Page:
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, 4 (8), e248

Dinosaur Fossils Predict Body Temperatures

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Dinosaur Fossils Predict Body Temperatures

James F Gillooly et al. PLoS Biol.

Abstract

Perhaps the greatest mystery surrounding dinosaurs concerns whether they were endotherms, ectotherms, or some unique intermediate form. Here we present a model that yields estimates of dinosaur body temperature based on ontogenetic growth trajectories obtained from fossil bones. The model predicts that dinosaur body temperatures increased with body mass from approximately 25 degrees C at 12 kg to approximately 41 degrees C at 13,000 kg. The model also successfully predicts observed increases in body temperature with body mass for extant crocodiles. These results provide direct evidence that dinosaurs were reptiles that exhibited inertial homeothermy.

Figures

Figure 1
Figure 1. A Plot of the Relationship between Average Body Temperature (°C) and the Logarithm of Body Mass for Dinosaurs and Extant Crocodiles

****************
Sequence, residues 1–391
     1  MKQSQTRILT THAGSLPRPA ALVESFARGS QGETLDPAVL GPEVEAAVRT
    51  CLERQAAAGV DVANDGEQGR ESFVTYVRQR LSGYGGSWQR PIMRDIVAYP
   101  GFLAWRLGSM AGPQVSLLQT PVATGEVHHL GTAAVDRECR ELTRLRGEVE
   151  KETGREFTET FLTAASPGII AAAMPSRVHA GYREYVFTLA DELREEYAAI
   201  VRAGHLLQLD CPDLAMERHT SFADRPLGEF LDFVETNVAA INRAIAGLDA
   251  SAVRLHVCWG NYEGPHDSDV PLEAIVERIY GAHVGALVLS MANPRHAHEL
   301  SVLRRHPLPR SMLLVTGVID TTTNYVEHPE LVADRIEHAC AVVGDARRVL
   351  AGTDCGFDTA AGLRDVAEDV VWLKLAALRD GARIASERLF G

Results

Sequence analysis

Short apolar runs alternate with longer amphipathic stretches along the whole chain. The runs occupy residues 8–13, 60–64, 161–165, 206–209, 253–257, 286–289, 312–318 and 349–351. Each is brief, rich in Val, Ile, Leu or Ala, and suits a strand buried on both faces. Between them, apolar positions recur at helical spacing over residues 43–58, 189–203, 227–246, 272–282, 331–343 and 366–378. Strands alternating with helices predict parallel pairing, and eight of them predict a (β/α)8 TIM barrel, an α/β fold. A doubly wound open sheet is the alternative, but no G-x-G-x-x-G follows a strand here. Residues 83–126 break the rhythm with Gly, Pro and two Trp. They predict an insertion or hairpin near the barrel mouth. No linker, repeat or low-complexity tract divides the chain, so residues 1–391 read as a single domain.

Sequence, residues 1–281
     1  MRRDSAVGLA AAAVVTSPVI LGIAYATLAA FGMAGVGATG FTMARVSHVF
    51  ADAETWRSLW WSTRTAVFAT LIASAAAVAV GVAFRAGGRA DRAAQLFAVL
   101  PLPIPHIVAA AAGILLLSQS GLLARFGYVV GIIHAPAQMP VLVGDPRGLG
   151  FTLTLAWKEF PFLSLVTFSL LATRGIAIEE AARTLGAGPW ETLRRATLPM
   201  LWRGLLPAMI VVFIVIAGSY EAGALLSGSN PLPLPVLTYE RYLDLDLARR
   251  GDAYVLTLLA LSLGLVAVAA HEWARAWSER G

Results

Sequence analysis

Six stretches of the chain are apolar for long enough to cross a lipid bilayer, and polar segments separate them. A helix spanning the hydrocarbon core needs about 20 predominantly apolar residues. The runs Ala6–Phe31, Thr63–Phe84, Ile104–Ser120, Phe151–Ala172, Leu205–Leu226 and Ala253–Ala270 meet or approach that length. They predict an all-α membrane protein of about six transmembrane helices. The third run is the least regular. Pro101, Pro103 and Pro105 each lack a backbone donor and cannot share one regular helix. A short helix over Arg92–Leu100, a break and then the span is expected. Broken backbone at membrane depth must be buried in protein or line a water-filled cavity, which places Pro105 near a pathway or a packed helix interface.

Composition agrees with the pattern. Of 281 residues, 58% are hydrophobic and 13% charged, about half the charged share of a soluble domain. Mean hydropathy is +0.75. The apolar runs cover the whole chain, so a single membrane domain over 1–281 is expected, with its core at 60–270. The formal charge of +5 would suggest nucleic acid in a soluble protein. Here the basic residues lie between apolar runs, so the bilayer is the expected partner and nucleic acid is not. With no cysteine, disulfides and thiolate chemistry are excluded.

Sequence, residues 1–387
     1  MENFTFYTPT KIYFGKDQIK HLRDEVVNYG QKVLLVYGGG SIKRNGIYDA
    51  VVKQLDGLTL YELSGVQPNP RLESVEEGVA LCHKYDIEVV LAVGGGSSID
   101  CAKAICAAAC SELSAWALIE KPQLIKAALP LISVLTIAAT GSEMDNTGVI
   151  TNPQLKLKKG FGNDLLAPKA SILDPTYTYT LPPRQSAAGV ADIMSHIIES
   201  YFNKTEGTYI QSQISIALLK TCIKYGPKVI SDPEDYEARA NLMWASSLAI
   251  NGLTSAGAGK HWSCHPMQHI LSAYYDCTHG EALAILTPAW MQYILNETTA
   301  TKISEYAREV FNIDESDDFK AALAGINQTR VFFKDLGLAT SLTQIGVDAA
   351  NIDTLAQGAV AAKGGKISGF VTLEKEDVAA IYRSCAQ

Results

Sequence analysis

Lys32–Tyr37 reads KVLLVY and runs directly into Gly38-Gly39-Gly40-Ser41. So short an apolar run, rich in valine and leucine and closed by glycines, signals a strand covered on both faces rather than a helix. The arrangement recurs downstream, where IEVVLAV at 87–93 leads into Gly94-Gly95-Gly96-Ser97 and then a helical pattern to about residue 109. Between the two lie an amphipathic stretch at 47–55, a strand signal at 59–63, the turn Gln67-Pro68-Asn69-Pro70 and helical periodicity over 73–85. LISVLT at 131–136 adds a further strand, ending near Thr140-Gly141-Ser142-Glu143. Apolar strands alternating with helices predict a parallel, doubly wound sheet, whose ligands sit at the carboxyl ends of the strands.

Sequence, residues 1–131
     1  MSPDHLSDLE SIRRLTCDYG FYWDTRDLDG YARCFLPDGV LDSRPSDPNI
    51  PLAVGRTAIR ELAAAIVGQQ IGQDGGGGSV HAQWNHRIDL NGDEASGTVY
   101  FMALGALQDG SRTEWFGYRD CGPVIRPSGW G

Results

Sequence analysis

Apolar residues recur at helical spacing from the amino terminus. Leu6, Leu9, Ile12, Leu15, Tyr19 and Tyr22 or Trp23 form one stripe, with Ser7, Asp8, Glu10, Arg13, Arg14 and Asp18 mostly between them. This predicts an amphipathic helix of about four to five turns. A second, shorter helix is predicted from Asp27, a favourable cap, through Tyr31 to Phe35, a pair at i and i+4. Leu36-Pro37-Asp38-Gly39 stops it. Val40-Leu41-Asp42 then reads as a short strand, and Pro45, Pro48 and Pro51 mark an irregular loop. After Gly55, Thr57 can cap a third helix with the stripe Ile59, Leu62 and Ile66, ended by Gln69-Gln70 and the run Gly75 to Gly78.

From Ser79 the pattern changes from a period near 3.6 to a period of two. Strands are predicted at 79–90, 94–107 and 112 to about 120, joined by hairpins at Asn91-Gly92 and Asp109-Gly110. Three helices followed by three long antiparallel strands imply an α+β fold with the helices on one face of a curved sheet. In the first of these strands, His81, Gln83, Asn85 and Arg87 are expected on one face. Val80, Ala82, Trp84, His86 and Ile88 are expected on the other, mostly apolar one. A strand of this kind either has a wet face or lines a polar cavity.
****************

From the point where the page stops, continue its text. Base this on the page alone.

For dinosaurs, body temperatures were estimated from Equation 2 using data on ontogenetic growth trajectories determined from bone histology (see Materials and Methods). Body mass is expressed as the size at which maximum growth rates occur, which is about half of asymptotic adult size. The fitted line includes the following species in ascending order of weight: P. mongoliensis (12 kg), M. carinatus (140 kg), Al. sarcophagus (614 kg), G. libratus (622 kg) , D. torosus (869 kg), T. rex (2,780 kg), and Ap. excelsus (12,979 kg) [ – 11]. The line was fit to the data using non-linear least squares regression in order to generate predictions on the change in body temperature with body mass for crocodiles ( Figure 2). This line does not include the two additional species shown here, the dinosaur bird Sh. deserti (1 kg), which was not considered because it was feathered, and Sy. rhodesiensis (11 kg), which was excluded because it was an outlier (see text). For crocodiles, body temperature estimates are based on the previously observed relative increase in body temperature with body size for individuals (32–1,010 kg) held under natural conditions, and by assuming a mean annual environmental temperature of 25 °C [ 5].
Figure 2
Figure 2. A Plot of the Observed versus the Predicted Increase in Average Body Temperature (°C) with Body Mass for Crocodiles
The observed increase in average body temperature for crocodiles ranging in mass from 32–1,010 kg [ 5] was plotted versus the predicted increase in average body temperature with body mass for these crocodiles based on the line fit to the dinosaur data shown in Figure 1 and predicted from Equation 2.

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